Crustal deformations caused by surface load due to ocean tides are strongly dependent on the surface load closest to the observation site. In order to correctly model this ocean loading effect near irregular coastal areas, a high-resolution coastline is required. A test is carried out using two GPS sites located in Alaska, where the ocean tide load...
Article
This paper reports from investigations on the robustness of estimated rates of intraplate motion from the continuous GPS project BIFROST (Baseline Inferences from Fennoscandian Rebound Observations, Sealevel and Tectonics). We study loading effects due to ocean, atmosphere and hydrology and their impact on estimated rate parameters. We regularly fi...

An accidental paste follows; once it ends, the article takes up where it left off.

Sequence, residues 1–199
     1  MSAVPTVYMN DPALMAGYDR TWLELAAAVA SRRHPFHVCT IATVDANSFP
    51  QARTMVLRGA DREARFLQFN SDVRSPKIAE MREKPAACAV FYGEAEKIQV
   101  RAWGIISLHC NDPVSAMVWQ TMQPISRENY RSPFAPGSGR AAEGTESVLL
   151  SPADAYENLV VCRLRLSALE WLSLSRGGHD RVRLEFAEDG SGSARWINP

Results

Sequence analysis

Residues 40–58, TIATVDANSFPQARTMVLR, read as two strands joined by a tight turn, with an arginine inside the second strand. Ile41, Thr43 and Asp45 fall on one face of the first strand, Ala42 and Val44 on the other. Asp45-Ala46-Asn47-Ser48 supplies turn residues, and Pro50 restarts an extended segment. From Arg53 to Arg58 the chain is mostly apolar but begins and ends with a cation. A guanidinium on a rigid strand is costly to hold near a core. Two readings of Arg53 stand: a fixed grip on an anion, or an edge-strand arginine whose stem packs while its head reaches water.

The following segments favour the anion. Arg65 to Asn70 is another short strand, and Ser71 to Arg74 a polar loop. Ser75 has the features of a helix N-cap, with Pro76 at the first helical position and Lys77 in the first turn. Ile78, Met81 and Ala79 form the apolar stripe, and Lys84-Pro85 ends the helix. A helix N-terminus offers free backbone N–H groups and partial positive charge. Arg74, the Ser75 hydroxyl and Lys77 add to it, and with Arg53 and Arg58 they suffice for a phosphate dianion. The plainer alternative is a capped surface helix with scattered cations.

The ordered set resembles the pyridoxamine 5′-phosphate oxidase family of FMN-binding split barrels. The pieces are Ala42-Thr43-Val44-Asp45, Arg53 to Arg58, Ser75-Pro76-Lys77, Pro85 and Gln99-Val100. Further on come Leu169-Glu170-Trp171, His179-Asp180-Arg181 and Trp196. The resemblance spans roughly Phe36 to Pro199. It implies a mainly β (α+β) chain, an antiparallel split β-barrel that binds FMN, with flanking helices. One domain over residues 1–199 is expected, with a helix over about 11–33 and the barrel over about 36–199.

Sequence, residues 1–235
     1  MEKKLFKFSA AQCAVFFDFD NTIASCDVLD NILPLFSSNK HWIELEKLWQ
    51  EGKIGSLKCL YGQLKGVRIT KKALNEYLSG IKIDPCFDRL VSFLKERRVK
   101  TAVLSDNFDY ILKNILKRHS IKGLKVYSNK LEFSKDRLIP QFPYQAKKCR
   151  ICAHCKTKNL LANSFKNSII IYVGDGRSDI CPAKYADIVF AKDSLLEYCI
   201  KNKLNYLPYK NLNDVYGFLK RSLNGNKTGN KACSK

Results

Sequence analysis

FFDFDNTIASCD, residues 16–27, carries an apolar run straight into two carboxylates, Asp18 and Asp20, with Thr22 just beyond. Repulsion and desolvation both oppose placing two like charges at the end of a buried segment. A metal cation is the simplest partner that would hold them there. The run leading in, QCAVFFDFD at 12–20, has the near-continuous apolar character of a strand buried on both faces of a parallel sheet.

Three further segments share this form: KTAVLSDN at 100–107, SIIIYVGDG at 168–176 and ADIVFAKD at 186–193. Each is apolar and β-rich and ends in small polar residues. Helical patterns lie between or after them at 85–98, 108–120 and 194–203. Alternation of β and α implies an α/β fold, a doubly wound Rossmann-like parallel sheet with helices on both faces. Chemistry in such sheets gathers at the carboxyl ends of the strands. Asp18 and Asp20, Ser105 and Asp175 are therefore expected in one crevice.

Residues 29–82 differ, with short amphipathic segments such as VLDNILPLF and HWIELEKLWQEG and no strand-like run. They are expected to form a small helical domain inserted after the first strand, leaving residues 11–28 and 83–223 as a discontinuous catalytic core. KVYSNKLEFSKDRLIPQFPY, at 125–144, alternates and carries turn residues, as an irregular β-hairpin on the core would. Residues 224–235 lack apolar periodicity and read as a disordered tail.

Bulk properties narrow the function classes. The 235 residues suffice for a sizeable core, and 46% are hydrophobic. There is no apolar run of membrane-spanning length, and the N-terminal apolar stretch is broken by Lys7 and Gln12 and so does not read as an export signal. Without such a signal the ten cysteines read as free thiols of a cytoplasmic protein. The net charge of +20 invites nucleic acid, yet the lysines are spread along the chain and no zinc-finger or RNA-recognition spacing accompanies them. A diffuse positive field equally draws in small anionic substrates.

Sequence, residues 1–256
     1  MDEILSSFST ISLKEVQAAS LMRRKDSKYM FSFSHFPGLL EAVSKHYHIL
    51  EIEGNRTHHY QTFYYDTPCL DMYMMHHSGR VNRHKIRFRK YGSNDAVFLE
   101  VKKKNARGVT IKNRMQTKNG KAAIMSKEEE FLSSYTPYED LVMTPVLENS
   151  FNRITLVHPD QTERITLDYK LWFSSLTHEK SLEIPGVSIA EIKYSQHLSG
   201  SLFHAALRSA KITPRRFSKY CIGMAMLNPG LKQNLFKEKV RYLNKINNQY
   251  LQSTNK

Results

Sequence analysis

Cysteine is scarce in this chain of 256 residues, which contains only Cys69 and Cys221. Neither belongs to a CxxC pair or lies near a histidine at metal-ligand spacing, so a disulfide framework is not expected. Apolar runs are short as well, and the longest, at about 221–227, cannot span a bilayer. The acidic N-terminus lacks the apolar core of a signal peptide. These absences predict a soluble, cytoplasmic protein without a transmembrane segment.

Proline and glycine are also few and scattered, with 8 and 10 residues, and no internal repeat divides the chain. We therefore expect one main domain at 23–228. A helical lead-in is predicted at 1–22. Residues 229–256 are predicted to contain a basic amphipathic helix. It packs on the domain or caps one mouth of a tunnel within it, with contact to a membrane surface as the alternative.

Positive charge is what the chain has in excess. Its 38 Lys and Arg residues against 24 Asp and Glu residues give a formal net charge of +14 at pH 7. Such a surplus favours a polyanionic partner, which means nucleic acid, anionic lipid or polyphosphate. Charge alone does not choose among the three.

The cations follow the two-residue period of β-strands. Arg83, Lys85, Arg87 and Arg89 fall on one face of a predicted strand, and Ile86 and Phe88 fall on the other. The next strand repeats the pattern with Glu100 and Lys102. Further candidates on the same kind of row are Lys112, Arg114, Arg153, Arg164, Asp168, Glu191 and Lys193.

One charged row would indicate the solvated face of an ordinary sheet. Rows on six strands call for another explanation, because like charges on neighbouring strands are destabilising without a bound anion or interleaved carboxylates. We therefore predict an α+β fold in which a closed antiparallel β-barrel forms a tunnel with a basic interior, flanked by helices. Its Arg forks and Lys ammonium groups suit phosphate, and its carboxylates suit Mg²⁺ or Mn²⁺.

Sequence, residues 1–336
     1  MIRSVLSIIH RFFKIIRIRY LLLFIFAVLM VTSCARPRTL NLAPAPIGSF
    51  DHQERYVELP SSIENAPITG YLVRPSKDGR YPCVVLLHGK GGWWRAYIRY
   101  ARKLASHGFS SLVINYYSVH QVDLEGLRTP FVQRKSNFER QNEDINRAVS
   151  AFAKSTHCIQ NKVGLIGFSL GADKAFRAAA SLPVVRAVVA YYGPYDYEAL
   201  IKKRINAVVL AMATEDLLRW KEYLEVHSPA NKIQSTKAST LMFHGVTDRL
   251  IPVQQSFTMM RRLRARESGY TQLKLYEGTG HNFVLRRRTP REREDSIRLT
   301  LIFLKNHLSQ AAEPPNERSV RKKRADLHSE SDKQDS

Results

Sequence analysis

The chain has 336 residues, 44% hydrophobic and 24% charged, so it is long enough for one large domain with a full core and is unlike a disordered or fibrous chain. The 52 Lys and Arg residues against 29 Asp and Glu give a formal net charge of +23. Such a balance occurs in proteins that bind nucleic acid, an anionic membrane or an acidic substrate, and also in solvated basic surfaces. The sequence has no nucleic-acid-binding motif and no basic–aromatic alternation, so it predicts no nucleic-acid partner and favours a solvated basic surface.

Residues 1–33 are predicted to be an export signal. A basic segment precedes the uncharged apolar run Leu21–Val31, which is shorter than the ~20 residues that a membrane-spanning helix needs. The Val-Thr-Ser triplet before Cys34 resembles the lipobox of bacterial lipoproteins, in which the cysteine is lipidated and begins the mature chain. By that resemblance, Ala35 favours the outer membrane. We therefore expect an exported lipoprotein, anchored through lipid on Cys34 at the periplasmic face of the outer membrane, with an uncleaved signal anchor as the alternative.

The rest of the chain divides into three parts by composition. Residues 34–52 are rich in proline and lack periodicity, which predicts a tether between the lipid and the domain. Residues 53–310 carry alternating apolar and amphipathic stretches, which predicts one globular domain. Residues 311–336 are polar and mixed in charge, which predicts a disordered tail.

Article
Postglacial rebound appears to be the dominant component of recent crustal motion in the Fennoscandian shield. From 3000 daily solutions of GPS data in the BIFROST network we have derived a map of strain rates in the interior of the shield with values typically below 10 nano/year. Examination of the strain field by means of a glacial isostatic adju...
Article
Project BIFROST (Baseline Inferences for Fennoscandian Rebound Observations Sea Level and Tectonics) was initiated in 1993 to directly measure the present-day, 3-D crustal deformation field in Fennoscandia [Johansson et al., JGR, 107, 2002; Milne et al., Science, { 291, 2001}]. A dense array of continuously operating GPS (Global Positioning System)...
Article
We present results on long-term trends of integrated precipitable water vapor (IPWV) over the Scandinavian region based on data from the Swedish permanent Global Positioning System (GPS) network, obtained during the period August 1993 to the end of 2000. We assess the magnitude of the effects on the estimated IPWV caused by antenna radome changes b...
Article